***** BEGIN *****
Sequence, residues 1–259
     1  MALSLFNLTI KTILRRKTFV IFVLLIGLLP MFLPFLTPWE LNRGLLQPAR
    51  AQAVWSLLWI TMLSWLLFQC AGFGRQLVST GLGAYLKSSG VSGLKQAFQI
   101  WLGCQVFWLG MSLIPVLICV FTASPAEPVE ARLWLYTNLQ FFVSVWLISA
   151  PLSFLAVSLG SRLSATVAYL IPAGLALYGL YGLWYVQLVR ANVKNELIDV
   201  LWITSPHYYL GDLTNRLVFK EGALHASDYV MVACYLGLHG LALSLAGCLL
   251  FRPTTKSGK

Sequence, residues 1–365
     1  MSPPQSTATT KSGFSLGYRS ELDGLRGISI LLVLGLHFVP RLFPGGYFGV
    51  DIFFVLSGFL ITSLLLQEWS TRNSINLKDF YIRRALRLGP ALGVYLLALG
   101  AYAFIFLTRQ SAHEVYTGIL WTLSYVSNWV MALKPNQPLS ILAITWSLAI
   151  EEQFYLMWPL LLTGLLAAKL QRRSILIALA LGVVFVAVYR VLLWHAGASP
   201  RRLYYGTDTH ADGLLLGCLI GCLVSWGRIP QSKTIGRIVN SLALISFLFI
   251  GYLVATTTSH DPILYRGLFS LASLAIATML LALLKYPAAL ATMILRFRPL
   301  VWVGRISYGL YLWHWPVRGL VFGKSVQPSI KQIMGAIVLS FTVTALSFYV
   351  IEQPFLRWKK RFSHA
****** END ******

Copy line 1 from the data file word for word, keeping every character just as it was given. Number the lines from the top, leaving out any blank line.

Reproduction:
Sequence, residues 1–259